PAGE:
Report: New York could see $22M in economic benefits from food waste diversion law
- According to a new report from the New York State Energy Research and Development Authority (NYSERDA), an estimated 3.9 million tons of food waste are created in the state each year and about 3% of that is diverted from landfills or waste-to-energy facilities.
- Excluding New York City, nearly 1,700 commercial generators would be affected by new diversion requirements proposed by Governor Andrew Cuomo. Factoring in the costs of hauling and tipping, plus emissions from greenhouse gases and sulfur dioxide, this food waste currently costs more than $41 million per year.
- Based on the assumption that a processing facility would be centrally located in each county, and all generators comply, the report estimates potential net benefits ranging from $15.2 million for an all-compost scenario to $22.6 million for an all-anaerobic digestion scenario. These benefits could increase by 15-23% after the first year of implementation once equipment costs have been paid off.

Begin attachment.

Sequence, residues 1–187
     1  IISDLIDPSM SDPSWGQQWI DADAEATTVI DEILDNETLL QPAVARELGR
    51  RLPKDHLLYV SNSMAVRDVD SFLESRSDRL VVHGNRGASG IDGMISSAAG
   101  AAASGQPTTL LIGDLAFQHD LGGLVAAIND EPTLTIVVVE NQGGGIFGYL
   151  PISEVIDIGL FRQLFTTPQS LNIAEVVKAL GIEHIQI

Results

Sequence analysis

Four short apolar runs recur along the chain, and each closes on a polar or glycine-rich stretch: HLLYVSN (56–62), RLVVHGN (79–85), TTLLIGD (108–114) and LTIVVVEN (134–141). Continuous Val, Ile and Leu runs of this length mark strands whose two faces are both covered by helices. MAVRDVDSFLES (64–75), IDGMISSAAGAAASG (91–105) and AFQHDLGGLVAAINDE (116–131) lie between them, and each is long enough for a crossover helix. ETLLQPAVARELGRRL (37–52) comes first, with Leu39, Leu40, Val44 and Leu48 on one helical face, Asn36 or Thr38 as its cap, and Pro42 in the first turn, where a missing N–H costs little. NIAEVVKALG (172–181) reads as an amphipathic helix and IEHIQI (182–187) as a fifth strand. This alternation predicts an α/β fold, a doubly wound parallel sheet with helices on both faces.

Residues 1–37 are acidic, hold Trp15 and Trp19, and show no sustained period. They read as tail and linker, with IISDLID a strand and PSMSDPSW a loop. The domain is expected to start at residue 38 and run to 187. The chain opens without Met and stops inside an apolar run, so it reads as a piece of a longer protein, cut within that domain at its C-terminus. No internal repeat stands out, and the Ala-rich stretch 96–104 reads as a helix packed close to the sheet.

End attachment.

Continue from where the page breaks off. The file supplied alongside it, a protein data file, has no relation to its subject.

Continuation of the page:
Cuomo's NYS Food Recovery and Recycling Act, originally proposed in this year's executive budget, would require commercial establishments that generate more than two tons of food waste per week to begin diverting it by 2021. The main caveat is whether processing capacity is accessible or adequate by 2020, which the state's Department of Environmental Conservation will assess at the time. NYSERDA's report identified dozens of existing facilities, though many more would be needed to achieve the benefits they have projected.
Remaining questions not assessed by the report are whether the financial and political capital exist to site the necessary facilities in all of these counties, how compliance would be enforced and how existing haulers would be affected. One section of the report did identify potential cost savings from renegotiating current waste contracts as refuse volumes decline, particularly for large institutions, though this was assessed from the consumer perspective.
The proposed law's true economic effects may still be hard to quantify, but Cuomo can be expected to use this report — as well as the potential to create renewable energy and increase food donations — to bolster his case during budget negotiations. While related organics diversion bills are also under consideration in New Jersey and Maryland, a potential deal in New York would be the largest of this legislative season by far.
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